Beginning with Version 19.6, Statgraphics has the ability to fit several different acceleration models to the mean or estimated percentile of a lifetime distribution fit at multiple values of an accelerating factor.

Model: Accelerated Life Test Plots.pdf

To describe the impact of external variables on failure times, regression models may be fit. Unfortunately, standard least squares techniques do not work well for two reasons: the data are often censored, and the failure time distribution is rarely Gaussian. For this reason, STATGRAPHICS provides a special procedure along with its failure analysis tools that will fit life data regression models with censoring, assuming either an exponential, extreme value, logistic, loglogistic, lognormal, normal or Weibull distribution.

More: Life Data Regression.pdf

Accelerated Life Testing

Version 19.6 of Statgraphics introduced a new procedure for accelerated life testing. The procedure fits various models to observed failure times collected under higher than normal levels of one or more stress variables. The fitted models are then extrapolated to estimate the failure time distribution under normal operating conditions.

The new procedure estimates 6 common acceleration models, including Arrhenius, Eyring and inverse power models. Failure times are assumed to follow one of 7 distributions, including the Weibull, lognormal and smallest extreme value distributions.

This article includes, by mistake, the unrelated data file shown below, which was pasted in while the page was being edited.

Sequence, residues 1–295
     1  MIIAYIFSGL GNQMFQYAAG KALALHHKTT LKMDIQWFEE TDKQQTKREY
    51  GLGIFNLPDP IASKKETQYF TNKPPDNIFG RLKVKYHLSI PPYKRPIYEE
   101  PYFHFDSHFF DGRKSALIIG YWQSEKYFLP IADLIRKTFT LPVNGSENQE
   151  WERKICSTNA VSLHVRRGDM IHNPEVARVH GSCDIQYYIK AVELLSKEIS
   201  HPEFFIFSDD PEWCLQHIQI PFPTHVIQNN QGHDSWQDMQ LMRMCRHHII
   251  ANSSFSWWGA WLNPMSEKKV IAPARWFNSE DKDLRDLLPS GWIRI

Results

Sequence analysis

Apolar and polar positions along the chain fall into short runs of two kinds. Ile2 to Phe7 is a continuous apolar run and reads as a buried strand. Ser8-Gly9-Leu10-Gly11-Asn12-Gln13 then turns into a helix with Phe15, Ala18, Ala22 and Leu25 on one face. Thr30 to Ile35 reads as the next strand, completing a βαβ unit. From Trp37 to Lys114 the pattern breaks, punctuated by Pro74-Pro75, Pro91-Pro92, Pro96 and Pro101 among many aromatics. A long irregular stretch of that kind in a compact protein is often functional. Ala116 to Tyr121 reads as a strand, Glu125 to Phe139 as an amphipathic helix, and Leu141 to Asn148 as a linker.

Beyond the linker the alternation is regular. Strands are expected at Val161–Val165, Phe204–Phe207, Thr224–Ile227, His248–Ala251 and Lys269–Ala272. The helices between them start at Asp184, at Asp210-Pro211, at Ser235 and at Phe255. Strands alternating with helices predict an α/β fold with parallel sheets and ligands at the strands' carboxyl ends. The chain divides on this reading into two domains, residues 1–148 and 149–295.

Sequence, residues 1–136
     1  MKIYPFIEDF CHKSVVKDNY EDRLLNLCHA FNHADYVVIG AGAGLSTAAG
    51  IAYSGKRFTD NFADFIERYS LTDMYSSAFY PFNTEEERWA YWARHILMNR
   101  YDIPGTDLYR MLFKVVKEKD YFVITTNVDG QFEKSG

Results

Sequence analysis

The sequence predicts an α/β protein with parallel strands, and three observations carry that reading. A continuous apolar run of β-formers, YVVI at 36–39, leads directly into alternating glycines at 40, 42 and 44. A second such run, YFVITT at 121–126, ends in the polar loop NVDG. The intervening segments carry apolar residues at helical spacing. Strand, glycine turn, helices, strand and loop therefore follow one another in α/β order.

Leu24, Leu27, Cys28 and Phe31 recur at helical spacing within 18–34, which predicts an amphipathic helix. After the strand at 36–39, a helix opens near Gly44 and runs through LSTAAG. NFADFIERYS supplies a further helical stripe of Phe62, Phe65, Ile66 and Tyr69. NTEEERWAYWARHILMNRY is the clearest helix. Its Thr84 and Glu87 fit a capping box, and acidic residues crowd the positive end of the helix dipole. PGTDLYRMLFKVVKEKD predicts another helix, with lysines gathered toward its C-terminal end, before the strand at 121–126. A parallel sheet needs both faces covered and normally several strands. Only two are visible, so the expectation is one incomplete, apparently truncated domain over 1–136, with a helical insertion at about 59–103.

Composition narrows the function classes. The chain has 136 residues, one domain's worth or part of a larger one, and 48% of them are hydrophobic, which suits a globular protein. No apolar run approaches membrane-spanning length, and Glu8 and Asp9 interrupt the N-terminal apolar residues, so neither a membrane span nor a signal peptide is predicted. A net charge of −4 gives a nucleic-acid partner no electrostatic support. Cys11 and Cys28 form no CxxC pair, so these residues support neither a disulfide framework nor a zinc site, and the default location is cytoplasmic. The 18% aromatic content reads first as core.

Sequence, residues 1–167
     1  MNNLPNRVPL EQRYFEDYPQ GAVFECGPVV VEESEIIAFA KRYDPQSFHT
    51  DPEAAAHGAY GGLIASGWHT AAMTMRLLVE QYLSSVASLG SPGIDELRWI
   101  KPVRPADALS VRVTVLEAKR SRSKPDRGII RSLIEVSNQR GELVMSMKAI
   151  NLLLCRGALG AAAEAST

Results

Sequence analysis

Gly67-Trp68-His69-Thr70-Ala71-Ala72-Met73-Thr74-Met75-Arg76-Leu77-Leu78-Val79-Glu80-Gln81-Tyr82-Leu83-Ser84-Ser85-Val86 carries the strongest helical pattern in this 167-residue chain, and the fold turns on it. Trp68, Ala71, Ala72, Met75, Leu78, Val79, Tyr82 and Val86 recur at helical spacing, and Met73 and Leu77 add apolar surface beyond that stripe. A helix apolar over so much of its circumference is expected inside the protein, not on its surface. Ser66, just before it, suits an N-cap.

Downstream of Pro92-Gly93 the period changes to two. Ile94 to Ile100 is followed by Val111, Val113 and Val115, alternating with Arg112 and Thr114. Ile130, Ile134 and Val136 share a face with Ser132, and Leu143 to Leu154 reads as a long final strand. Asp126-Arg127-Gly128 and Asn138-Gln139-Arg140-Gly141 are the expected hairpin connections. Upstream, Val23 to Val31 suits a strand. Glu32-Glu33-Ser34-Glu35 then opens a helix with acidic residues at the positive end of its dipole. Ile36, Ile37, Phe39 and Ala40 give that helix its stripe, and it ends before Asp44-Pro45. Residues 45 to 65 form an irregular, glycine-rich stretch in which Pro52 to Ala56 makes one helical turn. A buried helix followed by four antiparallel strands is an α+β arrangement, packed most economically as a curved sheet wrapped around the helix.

The data analyzed by the new procedure consists of observed failure times, which may be censored. The procedure supports any combination of right-censored, left-censored, or interval-censored data.

More: Accelerated Life Testing.pdf

The Cox Proportional Hazards procedure is an alternative method for fitting a life data regression without assuming any specific distributional form. Instead, it is assumed that the predictor variables affect the hazard function in a multiplicative manner. Like the parametric life data regression procedure, the predictor variables can be either quantitative or categorical.

More: Cox Proportional Hazards.pdf

The Repairable Systems procedures are designed to analyze data consisting of failure times from systems that can be repaired. It is assumed that when the system fails, it is immediately repaired and placed in service again. Further, it is assumed that the repair time is negligible compared to the time between failures. The goal of the analysis is to develop a model that can be used to estimate failure rates or quantities such as the MTBF (mean time between failures).

This life data analysis procedure differs from the Distribution Fitting and Weibull Analysis procedures in that it allows for a failure rate that changes as the system ages.

More: Repairable Systems (Times).pdf, Repairable Systems (Intervals).pdf

**Reliability Demonstration Test Plans**

This procedure creates test plans to demonstrate that a failure time distribution satisfies stated conditions. For example, it may be desired to show with 95% confidence that the reliability of a product equals or exceeds 90% at the end of the warranty period. During the demonstration, *n* units will be tested for a duration equal to *t*. The demonstration will be considered successful if no more than *f* units fail during the test.